India has 13 major ports and about 200 non-major ports. Cargo traffic, which was 976 million metric tonnes (MMT) in 2012 is expected to reach 1,758 MMT by 2017. The Indian ports and shipping industry plays a vital role in sustaining growth in the country’s trade and commerce. India currently ranks 16th among maritime countries, with a coastline of about 7,517 km. Around 95 per cent of India's trade by volume and 70 per cent by value takes place through maritime transport, according to the Ministry of Shipping.
The Indian government continues to support the ports sector. It has allowed foreign direct investment (FDI) of up to 100 per cent under the automatic route for projects regarding construction and maintenance of ports and harbours. It has also facilitated a 10-year tax holiday to enterprises engaged in developing, maintaining and operating ports, inland waterways and inland ports.
The number of containers handled at major ports in India increased 8.32 percent year-over-year from April through November 2014, the first eight fiscal months, continuing an accelerating growth trend that leaves state-owned port authorities on track to meet annual throughput targets.
Container-handling in the eight-month period totalled 5.31 million 20-foot-equivalent units, up from 4.9 million TEUs a year earlier, according to preliminary figures available from major port authorities. Containerised cargo tonnage in the period was up 5.87 percent, at 80 million tons.
The Indian ports sector received FDI worth US$ 1,637.30 million in the period April 2000–November 2014, as per the Department of Industrial Policy and Promotion (DIPP). The ports sector was also awarded 30 projects in FY14, investing over Rs 20,000 crore (US$ 3.24 billion) which is a threefold increase over the preceding year.
In FY14, coal cargo traffic grew by 20.6 per cent to 104.5 million tonnes (MT) from 86.7 MT in FY13. With regard to commodities, there was a rise of 25 per cent in handling of fertilisers in April 2014 as against April 2013. Iron ore handling also grew by 16.8 per cent during that period.
A massive investment into India’s ports and its road sector has been announced by Indian Minister for Shipping, Road Transport and Highways, Mr Nitin Gadkari, which is expected to help boost the country’s economy. According to the Economic Times, the Kolkata Port Trust along with the Indian government is to construct a port in the Sagar Islands at a cost of more than US$ 1.8 billion. Gadkari has also announced additional investments of more than US$ 520 million in the port sector for floating storages and a dry bulk cargo handling terminal.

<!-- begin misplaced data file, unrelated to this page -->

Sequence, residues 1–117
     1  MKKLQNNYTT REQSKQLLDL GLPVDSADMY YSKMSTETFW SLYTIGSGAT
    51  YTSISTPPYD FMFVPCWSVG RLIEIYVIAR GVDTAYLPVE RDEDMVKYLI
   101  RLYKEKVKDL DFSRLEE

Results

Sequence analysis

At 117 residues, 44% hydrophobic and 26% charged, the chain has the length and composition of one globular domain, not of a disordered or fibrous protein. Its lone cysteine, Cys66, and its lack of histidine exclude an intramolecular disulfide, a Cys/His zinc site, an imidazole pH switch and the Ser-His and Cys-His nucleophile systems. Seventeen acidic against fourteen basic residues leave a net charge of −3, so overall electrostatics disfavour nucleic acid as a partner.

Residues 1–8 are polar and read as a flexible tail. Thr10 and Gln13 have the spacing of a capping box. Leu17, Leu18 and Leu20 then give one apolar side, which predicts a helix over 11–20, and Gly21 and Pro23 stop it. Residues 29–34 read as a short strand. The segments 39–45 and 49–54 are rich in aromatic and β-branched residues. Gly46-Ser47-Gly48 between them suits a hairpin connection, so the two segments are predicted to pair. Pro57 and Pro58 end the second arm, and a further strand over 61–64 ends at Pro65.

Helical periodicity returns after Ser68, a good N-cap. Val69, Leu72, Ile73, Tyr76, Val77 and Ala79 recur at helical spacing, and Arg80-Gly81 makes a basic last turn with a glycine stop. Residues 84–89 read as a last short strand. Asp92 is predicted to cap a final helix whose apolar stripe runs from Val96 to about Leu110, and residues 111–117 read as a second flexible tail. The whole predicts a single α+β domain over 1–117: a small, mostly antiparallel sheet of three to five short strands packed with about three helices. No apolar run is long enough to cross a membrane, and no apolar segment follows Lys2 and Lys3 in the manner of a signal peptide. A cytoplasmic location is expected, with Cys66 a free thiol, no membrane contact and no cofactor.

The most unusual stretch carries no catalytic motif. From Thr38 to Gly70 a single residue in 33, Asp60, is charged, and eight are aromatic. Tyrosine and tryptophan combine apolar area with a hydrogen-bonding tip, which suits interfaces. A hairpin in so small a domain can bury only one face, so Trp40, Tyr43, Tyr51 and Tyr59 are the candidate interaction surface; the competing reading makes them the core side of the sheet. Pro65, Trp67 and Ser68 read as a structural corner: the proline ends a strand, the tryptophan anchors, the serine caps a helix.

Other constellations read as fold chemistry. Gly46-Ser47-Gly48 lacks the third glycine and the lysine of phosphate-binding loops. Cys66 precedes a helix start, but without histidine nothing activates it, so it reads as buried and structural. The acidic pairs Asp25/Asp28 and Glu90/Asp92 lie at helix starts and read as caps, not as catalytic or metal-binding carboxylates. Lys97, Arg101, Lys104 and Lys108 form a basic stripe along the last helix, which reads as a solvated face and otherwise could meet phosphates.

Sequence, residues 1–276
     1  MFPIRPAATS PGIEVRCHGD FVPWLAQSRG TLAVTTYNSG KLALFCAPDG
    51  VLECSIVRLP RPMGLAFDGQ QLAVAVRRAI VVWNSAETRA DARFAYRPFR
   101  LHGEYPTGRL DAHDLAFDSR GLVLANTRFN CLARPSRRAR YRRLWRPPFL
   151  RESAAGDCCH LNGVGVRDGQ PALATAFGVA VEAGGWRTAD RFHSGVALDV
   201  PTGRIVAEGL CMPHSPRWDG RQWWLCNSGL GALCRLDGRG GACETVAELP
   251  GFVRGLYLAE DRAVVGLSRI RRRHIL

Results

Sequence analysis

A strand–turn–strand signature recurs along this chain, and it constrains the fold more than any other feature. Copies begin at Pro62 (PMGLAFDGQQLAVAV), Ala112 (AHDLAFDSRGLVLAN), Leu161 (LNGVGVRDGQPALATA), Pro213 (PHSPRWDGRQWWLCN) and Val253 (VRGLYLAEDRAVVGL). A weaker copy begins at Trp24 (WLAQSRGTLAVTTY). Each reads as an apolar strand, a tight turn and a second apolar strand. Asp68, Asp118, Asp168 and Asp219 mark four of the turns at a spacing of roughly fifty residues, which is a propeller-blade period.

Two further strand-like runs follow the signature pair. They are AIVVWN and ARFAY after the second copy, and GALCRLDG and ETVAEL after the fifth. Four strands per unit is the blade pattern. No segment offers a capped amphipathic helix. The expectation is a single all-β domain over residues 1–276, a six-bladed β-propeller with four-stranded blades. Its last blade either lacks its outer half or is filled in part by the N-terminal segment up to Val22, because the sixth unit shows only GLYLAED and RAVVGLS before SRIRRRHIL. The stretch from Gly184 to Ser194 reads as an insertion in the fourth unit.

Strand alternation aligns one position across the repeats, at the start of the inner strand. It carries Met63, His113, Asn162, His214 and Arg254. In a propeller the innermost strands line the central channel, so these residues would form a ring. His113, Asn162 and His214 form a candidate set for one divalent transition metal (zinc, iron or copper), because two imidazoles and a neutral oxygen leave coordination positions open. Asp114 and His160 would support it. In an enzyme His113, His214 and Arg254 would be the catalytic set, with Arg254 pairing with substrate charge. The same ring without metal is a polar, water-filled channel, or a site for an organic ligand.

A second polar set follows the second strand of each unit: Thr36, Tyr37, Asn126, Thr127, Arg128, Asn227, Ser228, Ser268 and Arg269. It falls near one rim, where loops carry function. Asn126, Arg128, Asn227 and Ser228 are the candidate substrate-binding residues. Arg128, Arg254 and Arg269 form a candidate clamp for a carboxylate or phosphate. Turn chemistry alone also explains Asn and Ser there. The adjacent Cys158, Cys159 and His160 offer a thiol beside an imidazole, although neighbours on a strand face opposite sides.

The Indian government will develop 10 coastal economic regions as part of plans to revive the country’s Sagarmala (string of ports) project, according to the Daily Shipping Times. The zones will be manufacturing hubs supported by port modernization projects and could cover 300-500km of coastline. The government is also looking to develop the inland waterway sector as an alternative to road and rail transport for getting goods to the nation’s ports and is hoping to attract private investment into the sector.
The Minister of State for Shipping, Mr Pon. Radhakrishnan has informed that following steps have been taken by the Government for capacity expansion of ports:
The Ministry of Shipping has formulated a Perspective Plan for development of the Maritime Sector, namely, “The Maritime Agenda (2010-2020).” This Plan has estimated the traffic projections and capacity additions at the ports upto the year 2020. Based on the estimated growth, it has projected capacity of 3130 million tonnes by 2019-20.
In the Union Budget 2013–14, the government allocated Rs 11,635 crore (US$ 1.88 billion) for the expansion of the VO Chidambaranar (VOC) Port in Tuticorin. Industry representatives, especially exporters, feel that the enhancement of berthing facilities there will increase exports and result in big savings in freight for manufacturers who have to send their products bound for the west through Colombo in Sri Lanka.
The Ministry of Shipping has finalised guidelines which allows Indian companies to register their ships under foreign flags. This follows the government’s decision to create a new category of fleet called ‘1 Indian controlled tonnage’. The guidelines will be announced shortly, as per an official.
The National Maritime Agenda 2010–2020 is an initiative of the Ministry of Shipping to outline the framework for the development of the port sector. The agenda also suggests policy-related initiatives to better the operating efficiency and competitiveness of ports in the country.
The Minister for Road Transport, Highways and Shipping Mr Nitin Gadkari said that his ministry will coordinate with other ministries of Environment & Forests, Tourism, Power and Water Resources, River Development and Ganga Rejuvenation for developing transport and tourism along the river Ganga.
Increasing investments and cargo traffic point to a healthy outlook for India’s ports sector. Services benefiting from these investments include operation and maintenance (O&M), pilotage, and harbouring and provision of marine assets like barges and dredgers.
The Planning Commission of India in its 12th Five Year Plan projects a total investment of Rs 180,626 crore (US$ 29.31 billion) for this industry. Also, through its Maritime Agenda 2010–2020, the Ministry of Shipping has set a target capacity of over 3,130 MT by 2020, driven by private sector participation. Over 50 per cent of this capacity is anticipated to be generated at non-major ports.
Exchange Rate: INR 1 = US$ 0.0162 as on January 21, 2015
References:Indian Ports Association, Ministry of Shipping, Media Reports, Press Releases.